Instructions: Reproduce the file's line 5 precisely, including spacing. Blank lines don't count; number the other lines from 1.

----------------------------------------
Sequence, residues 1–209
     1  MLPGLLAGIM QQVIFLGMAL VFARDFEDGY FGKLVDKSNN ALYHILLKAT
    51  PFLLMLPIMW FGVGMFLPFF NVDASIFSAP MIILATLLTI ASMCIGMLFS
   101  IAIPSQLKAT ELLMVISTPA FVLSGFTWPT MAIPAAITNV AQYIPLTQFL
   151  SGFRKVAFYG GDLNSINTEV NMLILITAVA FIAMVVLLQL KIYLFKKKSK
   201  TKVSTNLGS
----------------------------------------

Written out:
   151  SGFRKVAFYG GDLNSINTEV NMLILITAVA FIAMVVLLQL KIYLFKKKSK